- comfortable working in a fast-paced and pressurised environment
- a good problem solver with diagnostic and analytical skills
- an excellent communicator who is able to manage relationships with patients, their families and colleagues
- confident in your skills, knowledge and ability
- assertive and a good motivator and leader
- able to work with a multidisciplinary team
- extremely organised with excellent resource and time management skills
- persistent in the face of challenges
- emotionally resilient when working in challenging situations
- flexible in your approach to work and able to adapt quickly to changing priorities.
Before applying to do a medical degree you're expected to undertake work experience, either paid or voluntary, in areas relevant to medicine. This could be through work experience at your local hospital, doctor's surgery, mental health trust or nursing home, or through work shadowing a doctor. This experience shows your commitment to becoming a doctor and provides insight into the physical and emotional demands of working in medicine.
Consider joining your university's cardiovascular student society to keep informed about developments in the field. You could also take a student-selected module, project and elective in cardiology as part of your undergraduate medical degree.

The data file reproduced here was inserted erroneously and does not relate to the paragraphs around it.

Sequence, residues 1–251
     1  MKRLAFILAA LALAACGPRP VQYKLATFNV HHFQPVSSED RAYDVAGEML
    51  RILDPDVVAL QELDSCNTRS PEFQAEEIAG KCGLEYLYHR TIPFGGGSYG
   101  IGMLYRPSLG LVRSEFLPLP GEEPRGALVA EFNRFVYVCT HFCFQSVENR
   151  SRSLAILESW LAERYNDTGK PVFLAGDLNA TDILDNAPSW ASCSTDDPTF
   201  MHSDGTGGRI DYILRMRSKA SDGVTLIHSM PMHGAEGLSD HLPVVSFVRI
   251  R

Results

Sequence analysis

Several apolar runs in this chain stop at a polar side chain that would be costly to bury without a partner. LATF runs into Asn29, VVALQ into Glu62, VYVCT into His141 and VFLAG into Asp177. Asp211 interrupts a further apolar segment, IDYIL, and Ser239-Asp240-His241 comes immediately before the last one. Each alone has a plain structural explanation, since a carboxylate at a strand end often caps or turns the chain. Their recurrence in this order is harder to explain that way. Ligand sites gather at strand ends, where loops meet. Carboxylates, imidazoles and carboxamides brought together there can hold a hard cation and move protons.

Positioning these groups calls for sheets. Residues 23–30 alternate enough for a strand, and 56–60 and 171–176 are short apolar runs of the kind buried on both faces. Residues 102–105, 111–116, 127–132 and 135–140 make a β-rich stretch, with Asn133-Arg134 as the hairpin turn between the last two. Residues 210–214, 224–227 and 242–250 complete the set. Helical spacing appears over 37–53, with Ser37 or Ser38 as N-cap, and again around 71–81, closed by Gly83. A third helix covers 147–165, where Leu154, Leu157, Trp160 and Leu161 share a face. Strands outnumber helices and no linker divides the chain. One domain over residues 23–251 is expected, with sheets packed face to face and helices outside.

During your two-year Foundation Training as a junior doctor, try to choose a cardiology placement to gain an insight into the work. Also, make the most of networking opportunities by attending cardiology conferences and events.
Find out more about the different kinds of work experience and internships that are available.
The largest employer of cardiologists in the UK is the NHS, although there are also opportunities in private clinics, universities and academic institutions, the armed forces and national governing bodies.
Academic cardiologists can also expect to find positions within the NHS, universities, academic institutions and the private sector (such as large medical health and pharmaceutical companies.)
As a cardiologist you'll also have excellent opportunities towork abroad.